Still, embedded systems have resource constraints that make developing for them unlike developing for your typical white box PC. In fact, the resource constraints often get tighter and tighter, because companies continue to shoehorn microcontrollers into smaller and cheaper devices. The ability to run Linux on a resource constrained platform was the best of both worlds: familiar, relatively inexpensive, and challenging.
Realistically, this meant a 32-bit processor with a memory management unit (MMU).
The platform had to be capable of running a lighter weight real-time operating system without undue pain.
It couldn't just run Linux, because Linux isn't always the answer, particularly for hard-real-time or highly memory constrained applications. There had to be at least the possibility of running some other open source or at least inexpensive RTOS without a huge amount of pain writing a board support package to initialize the processor, the MMU, etc. The fact that the platform could run Linux meant that much of this code could be cribbed from the Linux boot code for the platform and used in other, perhaps standalone, applications.
The platform had to have a rich set of contemporary, useful devices, including Ethernet and removable storage media.
Students had to have access to devices both for accessing and running the system and for programming as part of their class assignments. Removable media would allow them to take their projects with them when they left their station in the laboratory.
For cost reasons, this almost certainly required a system-on-a-chip (SoC), in which I/O controllers are embedded in the processor chip itself. This has become common in real-life embedded development, with ARM-based and PowerPC-based processors having integrated controllers for technologies like serial, Ethernet, and even USB. It is also a good example of specialized multi-core architecture.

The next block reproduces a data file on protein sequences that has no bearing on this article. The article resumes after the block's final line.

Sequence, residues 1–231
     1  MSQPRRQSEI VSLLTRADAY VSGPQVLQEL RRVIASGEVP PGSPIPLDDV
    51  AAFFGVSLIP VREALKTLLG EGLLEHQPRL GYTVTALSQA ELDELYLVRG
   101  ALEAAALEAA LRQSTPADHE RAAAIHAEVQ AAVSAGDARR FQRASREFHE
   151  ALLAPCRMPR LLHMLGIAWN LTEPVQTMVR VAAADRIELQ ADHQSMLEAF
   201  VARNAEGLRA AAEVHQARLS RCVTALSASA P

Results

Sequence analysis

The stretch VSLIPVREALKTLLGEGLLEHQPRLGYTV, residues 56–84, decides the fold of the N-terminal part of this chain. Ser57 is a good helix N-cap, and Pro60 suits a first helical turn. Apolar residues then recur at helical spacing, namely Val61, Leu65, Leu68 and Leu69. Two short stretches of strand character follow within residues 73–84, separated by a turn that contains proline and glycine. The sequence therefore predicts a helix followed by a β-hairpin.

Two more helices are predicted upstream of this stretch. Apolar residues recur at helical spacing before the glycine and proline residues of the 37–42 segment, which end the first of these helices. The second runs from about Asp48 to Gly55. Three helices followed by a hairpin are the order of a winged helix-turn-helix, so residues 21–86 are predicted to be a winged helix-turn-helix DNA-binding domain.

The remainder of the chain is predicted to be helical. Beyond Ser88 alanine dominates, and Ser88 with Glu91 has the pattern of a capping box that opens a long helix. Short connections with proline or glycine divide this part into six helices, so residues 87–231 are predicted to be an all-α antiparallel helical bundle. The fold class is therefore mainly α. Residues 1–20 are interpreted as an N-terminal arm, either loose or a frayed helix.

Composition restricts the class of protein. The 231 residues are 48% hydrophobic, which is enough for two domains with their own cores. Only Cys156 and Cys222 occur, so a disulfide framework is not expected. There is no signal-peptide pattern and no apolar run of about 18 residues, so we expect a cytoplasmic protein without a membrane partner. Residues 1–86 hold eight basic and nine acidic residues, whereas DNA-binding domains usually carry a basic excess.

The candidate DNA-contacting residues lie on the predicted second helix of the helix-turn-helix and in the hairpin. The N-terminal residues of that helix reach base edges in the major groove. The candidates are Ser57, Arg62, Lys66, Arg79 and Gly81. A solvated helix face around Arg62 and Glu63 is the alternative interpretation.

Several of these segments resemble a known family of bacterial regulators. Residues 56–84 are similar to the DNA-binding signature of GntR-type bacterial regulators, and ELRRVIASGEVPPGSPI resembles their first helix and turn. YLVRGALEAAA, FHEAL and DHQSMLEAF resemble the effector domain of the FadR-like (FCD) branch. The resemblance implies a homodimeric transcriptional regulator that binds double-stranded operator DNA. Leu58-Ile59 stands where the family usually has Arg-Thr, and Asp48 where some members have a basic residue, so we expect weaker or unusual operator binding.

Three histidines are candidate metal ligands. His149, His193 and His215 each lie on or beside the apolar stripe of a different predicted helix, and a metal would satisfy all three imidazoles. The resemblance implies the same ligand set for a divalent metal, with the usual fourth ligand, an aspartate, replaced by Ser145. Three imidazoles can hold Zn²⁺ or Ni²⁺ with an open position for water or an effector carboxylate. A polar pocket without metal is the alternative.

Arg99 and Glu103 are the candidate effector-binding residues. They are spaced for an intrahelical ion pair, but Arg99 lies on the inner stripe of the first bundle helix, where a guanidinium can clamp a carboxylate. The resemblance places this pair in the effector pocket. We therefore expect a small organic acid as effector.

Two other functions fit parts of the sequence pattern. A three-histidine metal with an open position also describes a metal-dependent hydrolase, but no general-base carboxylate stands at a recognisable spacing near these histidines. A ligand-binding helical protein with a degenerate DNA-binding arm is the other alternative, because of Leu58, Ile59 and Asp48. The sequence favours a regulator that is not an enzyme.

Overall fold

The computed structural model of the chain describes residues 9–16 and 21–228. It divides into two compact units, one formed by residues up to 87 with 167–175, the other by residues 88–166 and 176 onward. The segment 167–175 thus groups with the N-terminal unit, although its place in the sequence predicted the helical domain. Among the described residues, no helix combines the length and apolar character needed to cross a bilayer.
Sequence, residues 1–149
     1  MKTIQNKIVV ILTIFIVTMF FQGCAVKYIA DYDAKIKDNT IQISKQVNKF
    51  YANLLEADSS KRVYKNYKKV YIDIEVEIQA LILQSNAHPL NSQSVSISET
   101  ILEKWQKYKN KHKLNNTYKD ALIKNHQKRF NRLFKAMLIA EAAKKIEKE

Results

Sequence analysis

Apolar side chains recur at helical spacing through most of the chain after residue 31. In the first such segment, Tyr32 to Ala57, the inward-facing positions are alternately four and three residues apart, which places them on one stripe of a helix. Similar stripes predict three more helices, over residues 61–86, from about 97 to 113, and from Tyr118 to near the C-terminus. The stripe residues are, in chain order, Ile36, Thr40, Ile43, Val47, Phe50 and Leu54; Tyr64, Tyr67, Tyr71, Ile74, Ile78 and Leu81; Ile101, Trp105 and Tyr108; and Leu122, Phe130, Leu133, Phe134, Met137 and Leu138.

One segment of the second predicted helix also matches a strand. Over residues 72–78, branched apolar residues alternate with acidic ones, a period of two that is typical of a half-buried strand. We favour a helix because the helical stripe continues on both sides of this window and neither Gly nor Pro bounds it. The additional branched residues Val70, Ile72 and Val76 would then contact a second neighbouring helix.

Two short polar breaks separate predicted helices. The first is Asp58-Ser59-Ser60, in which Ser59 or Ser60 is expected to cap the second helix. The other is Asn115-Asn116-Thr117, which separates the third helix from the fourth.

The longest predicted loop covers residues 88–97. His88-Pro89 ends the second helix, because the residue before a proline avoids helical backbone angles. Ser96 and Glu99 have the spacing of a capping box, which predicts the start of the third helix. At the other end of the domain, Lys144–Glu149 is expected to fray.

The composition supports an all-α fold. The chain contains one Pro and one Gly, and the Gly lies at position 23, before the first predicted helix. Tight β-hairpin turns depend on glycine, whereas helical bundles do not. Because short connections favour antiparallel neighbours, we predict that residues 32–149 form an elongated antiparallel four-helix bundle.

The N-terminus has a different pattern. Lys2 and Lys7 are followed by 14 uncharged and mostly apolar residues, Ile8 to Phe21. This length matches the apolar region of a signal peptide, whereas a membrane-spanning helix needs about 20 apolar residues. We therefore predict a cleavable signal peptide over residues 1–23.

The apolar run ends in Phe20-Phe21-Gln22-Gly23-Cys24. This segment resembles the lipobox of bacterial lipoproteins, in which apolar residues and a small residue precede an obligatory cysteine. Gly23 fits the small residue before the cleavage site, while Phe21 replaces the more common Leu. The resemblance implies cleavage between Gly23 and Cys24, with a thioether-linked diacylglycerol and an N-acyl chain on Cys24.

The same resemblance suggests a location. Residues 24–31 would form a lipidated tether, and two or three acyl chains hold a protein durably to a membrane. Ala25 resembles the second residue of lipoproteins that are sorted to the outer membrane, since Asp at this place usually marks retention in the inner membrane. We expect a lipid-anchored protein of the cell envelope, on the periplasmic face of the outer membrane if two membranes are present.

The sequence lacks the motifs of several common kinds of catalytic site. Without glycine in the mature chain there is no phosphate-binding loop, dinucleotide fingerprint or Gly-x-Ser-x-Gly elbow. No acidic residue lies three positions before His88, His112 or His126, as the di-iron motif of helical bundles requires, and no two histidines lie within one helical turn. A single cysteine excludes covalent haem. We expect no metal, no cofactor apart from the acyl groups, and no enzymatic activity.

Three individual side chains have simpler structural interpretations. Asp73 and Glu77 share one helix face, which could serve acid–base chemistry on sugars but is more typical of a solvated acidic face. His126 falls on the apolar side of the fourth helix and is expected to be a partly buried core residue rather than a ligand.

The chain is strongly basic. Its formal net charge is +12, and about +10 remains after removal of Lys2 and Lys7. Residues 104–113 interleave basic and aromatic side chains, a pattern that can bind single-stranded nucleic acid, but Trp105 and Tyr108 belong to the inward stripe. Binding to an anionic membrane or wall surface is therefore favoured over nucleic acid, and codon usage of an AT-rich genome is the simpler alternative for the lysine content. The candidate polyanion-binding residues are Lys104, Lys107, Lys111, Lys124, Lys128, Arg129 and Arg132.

The platform must include a boot-loader in ROM.
I didn't care so much what the boot-loader was, although something mainstream like U-Boot, widely used in the embedded community, was very desirable. The boot-loader was necessary so that each station didn't require an exotic (read: expensive) tool, like as a JTAG hardware debugger, to load software. The ability to boot from removable media or the network was very highly desirable. Having a boot-loader whose source code was open source also meant that code to initialize the processor could be cribbed from this and used elsewhere.
The tool chain must provide C and C++ compilers and an assembler, and be expandable to include other languages.
C is the lingua franca of embedded development, and is an absolute requirement if you are going to go about hacking the Linux kernel. C++ is, in my personal experience, a lot more common in embedded application development than embedded development pundits would have you believe. If you have C and C++, chances are you are getting an assembler as part of the deal too, but in any case it's required if you are going to learn even a little bit about assembly language.
But I wanted students to be able to explore other options as well, like Java, or Digital Mars' D, or even scripting languages. A tool chain based on the GNU Compiler Collection (GCC) seemed like a pretty open-ended choice.
The platform must expose its devices physically and programmatically.
By this I mean I wanted the chips physically accessible, and didn't want the lower level device details hidden by a BIOS in ROM. I wanted the possibility of students getting experience using logic analyzers, oscilloscopes, or other diagnostic equipment, because that's part of the real-life embedded experience. Not having a ROM meant that existing Linux device drivers for the platform could be studied in all their glorious awful detail regarding the hardware interface and perhaps even modified as part of a class assignment.
The platform should be an unlikely theft target.